A police constable has been fired from the Toronto Police Service (TPS) after being found guilty of eight counts of misconduct in connection with several incidents over a four-year period, including the arrest of a cyclist in 2017 in which he was later convicted of assault causing bodily harm.

According to police tribunal documents, Insp. Susan Gomes, who presided over the hearing, ruled that Const. Douglas Holmes will be dismissed from TPS within seven days unless he resigns before that.

Gomes said Holmes “violated the public trust by not living up to his oath of office on multiple occasions as he had sworn to do.”

Holmes was facing six counts of discreditable conduct and three counts of insubordination stemming from his interactions with two cyclists and several TPS officers. Gomes found him not guilty of one count because of an error.

Holmes pleaded guilty to eight of the nine counts.

The documents posted online Wednesday provided a detailed account of the misconduct and what transpired during the hearing.

The first incident occurred in 2017. Holmes, who was working at 52 Division, investigated a cyclist for running through a red light along the waterfront. After the cyclist refused to provide identification, Holmes arrested him, pushing him to the ground. The cyclist suffered injuries, including a broken clavicle, as a result.

Holmes was charged with assault causing bodily harm and, in 2019, was found guilty. He received a suspended sentence and a year of probation.

The second incident involving a cyclist occurred in 2018 when he was already facing charges for the first incident. While off duty, Holmes became involved in a verbal altercation with a cyclist. After identifying himself as a police officer, Holmes was “insulting and uncivil” toward the cyclist.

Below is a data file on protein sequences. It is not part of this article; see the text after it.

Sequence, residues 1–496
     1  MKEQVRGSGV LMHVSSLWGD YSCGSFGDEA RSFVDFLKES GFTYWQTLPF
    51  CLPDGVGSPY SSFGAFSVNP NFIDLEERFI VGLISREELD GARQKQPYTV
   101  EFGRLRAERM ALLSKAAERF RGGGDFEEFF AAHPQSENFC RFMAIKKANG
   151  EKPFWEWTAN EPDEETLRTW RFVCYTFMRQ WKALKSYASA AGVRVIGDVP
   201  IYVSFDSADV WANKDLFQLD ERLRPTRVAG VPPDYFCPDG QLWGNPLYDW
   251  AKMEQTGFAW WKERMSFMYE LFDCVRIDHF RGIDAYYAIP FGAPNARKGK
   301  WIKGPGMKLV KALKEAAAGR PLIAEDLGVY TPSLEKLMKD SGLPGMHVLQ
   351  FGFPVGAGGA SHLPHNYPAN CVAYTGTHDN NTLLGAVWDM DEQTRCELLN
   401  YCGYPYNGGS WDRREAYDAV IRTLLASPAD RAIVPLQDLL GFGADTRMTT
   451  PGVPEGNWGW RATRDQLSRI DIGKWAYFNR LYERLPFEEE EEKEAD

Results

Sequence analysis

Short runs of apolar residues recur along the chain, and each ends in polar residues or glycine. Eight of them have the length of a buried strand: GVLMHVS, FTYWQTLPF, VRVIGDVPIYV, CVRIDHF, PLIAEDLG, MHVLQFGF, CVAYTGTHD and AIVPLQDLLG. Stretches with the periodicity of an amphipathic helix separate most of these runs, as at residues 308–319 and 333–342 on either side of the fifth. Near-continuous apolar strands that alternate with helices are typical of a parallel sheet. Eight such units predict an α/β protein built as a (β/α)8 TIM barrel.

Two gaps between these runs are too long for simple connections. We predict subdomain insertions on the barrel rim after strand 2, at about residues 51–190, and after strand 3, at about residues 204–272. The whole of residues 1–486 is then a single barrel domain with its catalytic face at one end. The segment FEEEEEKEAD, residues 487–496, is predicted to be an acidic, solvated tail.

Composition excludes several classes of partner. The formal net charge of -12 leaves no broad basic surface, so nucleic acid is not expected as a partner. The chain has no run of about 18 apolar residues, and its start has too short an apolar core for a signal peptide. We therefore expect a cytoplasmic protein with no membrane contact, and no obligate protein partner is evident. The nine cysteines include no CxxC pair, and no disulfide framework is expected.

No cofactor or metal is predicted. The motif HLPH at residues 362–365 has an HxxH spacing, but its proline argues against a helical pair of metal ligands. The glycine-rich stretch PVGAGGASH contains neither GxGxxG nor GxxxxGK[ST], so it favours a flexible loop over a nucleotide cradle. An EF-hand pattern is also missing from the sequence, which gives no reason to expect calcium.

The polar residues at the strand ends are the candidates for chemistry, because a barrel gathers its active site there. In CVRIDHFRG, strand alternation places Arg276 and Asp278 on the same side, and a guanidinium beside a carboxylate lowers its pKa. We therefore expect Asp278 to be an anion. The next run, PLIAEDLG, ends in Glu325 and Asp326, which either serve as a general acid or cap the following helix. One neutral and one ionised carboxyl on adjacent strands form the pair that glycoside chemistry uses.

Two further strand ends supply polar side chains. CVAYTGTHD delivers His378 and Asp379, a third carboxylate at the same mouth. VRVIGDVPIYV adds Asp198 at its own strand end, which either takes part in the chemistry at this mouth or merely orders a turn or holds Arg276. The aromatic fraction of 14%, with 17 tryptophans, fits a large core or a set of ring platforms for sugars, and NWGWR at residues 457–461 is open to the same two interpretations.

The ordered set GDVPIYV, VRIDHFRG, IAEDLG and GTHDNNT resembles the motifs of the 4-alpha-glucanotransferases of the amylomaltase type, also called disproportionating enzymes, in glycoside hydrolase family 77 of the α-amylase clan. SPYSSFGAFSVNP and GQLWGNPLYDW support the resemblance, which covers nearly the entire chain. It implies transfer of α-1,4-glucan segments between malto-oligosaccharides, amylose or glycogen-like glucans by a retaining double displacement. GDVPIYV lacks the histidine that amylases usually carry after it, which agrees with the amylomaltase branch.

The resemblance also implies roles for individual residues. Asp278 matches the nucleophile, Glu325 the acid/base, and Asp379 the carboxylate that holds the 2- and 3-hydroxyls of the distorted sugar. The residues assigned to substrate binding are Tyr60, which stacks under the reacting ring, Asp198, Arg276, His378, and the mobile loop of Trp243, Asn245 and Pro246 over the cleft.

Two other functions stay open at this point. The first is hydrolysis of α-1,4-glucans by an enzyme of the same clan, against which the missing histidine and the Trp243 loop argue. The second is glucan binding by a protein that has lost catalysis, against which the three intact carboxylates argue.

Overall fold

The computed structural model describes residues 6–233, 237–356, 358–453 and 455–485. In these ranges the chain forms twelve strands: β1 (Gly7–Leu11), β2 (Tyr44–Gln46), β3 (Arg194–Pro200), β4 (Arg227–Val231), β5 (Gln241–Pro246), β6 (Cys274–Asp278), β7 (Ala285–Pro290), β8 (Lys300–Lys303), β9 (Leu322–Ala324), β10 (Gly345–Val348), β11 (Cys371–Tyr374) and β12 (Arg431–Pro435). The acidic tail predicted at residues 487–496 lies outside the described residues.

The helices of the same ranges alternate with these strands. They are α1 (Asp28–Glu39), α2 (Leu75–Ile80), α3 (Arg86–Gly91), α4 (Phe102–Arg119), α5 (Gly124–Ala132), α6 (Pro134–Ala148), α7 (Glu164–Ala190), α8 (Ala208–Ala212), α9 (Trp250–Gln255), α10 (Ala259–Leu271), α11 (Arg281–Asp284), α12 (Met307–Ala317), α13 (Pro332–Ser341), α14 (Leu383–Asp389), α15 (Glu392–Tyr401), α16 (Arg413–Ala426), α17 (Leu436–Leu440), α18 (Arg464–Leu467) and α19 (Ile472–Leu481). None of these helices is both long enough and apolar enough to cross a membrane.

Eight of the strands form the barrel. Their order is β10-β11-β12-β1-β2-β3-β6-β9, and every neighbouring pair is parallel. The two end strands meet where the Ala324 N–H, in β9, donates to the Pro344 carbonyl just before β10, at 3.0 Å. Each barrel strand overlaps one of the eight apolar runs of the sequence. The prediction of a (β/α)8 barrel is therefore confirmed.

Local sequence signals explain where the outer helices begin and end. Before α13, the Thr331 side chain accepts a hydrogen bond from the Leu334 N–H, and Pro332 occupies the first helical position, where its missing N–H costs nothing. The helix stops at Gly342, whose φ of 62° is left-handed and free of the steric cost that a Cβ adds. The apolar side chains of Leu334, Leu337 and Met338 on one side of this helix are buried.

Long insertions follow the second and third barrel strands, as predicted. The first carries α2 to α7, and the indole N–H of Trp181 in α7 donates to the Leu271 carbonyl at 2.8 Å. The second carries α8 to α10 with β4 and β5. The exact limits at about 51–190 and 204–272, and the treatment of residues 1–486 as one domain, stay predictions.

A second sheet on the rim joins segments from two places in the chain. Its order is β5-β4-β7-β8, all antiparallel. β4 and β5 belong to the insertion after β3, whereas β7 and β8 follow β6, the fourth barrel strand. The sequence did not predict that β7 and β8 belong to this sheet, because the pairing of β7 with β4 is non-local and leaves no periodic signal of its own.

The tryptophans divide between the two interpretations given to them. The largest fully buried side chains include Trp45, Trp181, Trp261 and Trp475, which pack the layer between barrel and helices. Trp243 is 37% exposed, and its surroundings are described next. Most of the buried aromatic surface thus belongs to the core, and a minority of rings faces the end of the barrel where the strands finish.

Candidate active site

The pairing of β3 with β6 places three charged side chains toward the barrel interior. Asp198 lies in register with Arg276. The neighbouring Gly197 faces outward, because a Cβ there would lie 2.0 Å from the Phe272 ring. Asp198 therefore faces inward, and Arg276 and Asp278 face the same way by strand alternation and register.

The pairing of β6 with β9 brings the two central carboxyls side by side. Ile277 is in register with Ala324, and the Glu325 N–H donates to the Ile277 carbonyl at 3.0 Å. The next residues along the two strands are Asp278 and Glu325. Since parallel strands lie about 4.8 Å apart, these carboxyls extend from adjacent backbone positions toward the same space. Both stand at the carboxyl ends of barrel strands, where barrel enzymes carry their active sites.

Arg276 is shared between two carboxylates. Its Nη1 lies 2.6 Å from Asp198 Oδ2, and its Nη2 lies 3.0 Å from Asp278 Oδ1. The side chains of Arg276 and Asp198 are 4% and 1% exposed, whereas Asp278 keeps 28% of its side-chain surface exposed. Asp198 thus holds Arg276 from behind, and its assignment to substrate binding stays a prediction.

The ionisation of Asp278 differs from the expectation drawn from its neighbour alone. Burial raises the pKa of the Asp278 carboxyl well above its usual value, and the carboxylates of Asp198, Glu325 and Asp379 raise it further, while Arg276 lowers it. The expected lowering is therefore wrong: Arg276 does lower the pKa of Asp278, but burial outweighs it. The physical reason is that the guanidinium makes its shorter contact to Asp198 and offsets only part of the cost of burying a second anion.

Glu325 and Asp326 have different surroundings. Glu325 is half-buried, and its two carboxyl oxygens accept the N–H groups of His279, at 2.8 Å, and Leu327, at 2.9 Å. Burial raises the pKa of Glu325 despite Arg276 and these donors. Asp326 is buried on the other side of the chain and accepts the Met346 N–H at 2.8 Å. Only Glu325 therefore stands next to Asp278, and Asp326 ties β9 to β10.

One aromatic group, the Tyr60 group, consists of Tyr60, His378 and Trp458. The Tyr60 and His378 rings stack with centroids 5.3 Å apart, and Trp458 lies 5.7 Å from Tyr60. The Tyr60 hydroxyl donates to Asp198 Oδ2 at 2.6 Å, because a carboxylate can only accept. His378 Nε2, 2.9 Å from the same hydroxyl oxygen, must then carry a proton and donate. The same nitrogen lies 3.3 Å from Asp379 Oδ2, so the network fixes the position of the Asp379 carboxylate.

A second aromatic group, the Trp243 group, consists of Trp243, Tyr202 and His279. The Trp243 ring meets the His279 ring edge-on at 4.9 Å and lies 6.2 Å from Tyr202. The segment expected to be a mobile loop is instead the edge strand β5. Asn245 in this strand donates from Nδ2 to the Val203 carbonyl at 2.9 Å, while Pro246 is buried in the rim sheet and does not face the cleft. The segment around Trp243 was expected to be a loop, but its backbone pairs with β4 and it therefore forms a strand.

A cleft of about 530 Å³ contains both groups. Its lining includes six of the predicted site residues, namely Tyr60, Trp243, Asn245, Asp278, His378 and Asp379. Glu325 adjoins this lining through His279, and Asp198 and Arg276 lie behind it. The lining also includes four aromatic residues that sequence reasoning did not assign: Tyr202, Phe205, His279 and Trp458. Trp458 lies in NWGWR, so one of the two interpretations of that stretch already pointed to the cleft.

“In both cases regardless of one being off duty and the other being on duty they take place in a public setting where additional eye witnesses were involved observing, providing statements and or calling 911 in response to the escalation of the altercations. Internal reputational damage was incurred in this matter,” Insp. Gomes said in a written ruling.

The remaining incidents occurred in 2021 and 2022 while Holmes was on sick leave. According to the documents, Holmes sent “disparaging,” “inappropriate,” “insulting,” and “rude” text messages and emails to a number of superior officers on separate occasions.

In one instance, Holmes emailed an officer with Professional Standards and called her a “low life” and a “c--nt.”

“There is no excuse for PC Holmes’ misconduct. As a result of PC Holmes’ collective behaviour resulting in this misconduct the reputation of the Toronto Police Service has already been damaged. It only stands to increase if PC Holmes is not appropriately held accountable for his actions,” Gomes wrote.

The tribunal also considered that at the time of the misconduct, Holmes was suffering from health issues, which he said stemmed from work-related events, including his conviction.

Ultimately, Gomes found that Holmes’ disability did not cause his misconduct.

“His actions were a choice. He made many choices of which have consequences,” she said in her ruling.

Even though he submitted that Holmes should never work as a police officer again, his lawyer asked the tribunal for a demotion as a penalty.

“The totality of the misconduct in nature, volume and duration does not align with demotion,” Gomes said.

“It is about upholding the oath, serving the community appropriately, maintaining the public’s trust and confidence in the police and holding PC Holmes accountable for his actions.”